A search for transiting planets around hot subdwarfs. I. Methods and performance tests on light curves from Kepler, K2, TESS, and CHEOPS
Context. Hot subdwarfs experienced strong mass loss on the red giant branch (RGB) and are now hot and small He-burning objects. These stars constitute excellent opportunities for addressing the question of the evolution of exoplanetary systems directly after the RGB phase of evolution.
Aims: In this project we aim to perform a transit survey in all available light curves of hot subdwarfs from space-based telescopes (Kepler, K2, TESS, and CHEOPS) with our custom-made pipeline SHERLOCK in order to determine the occurrence rate of planets around these stars as a function of orbital period and planetary radius. We also aim to determine whether planets that were previously engulfed in the envelope of their red giant host star can survive, even partially, as a planetary remnant.
Methods: For this first paper, we performed injection-and-recovery tests of synthetic transits for a selection of representative Kepler, K2, and TESS light curves to determine which transiting bodies in terms of object radius and orbital period we will be able to detect with our tools. We also provide estimates for CHEOPS data, which we analyzed with the pycheops package.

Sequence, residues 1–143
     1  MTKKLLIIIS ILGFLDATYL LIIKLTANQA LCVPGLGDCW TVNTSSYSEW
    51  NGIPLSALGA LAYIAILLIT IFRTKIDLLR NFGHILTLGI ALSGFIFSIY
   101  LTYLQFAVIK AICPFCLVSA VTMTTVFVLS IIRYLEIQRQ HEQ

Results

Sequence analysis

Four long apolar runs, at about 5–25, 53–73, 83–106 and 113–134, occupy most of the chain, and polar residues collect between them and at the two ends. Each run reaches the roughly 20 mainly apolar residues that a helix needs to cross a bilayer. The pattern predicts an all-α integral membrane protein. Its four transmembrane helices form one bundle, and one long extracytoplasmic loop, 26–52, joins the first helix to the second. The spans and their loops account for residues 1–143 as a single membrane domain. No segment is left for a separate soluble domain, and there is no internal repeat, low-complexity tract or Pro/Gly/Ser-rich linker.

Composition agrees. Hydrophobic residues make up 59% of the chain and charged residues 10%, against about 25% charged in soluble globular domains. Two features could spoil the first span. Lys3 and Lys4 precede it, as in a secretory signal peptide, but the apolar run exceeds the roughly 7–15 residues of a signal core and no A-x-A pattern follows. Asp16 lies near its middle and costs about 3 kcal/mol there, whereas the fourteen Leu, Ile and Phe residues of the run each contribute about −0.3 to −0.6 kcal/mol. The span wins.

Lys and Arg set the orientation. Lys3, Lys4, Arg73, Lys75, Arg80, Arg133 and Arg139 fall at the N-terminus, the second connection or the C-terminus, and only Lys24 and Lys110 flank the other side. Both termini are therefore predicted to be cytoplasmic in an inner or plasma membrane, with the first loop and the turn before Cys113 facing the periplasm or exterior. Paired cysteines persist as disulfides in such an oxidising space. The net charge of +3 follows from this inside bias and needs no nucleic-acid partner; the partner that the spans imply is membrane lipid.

Results: Transiting objects with a radius ≲1.0 R⊕ can be detected in most of the Kepler, K2, and CHEOPS targets for the shortest orbital periods (1 d and shorter), reaching values as low as ~0.3 R⊕ in the best cases. Sub-Earth-sized bodies are only reached for the brightest TESS targets and for those that were observed in a significant number of sectors. We also give a series of representative results for larger planets at greater distances, which strongly depend on the target magnitude and on the length and quality of the data.
Conclusions: The TESS sample will provide the most important statistics for the global aim of measuring the planet occurrence rate around hot subdwarfs. The Kepler, K2, and CHEOPS data will allow us to search for planetary remnants, that is, very close and small (possibly disintegrating) objects.
Astronomy and Astrophysics
- Pub Date:
- June 2021
- planet-star interactions;
- planetary systems;
- stars: horizontal-branch;
- techniques: photometric;
- Astrophysics - Earth and Planetary Astrophysics;
- Astrophysics - Solar and Stellar Astrophysics
- 22 pages, 7 figures, accepted to A&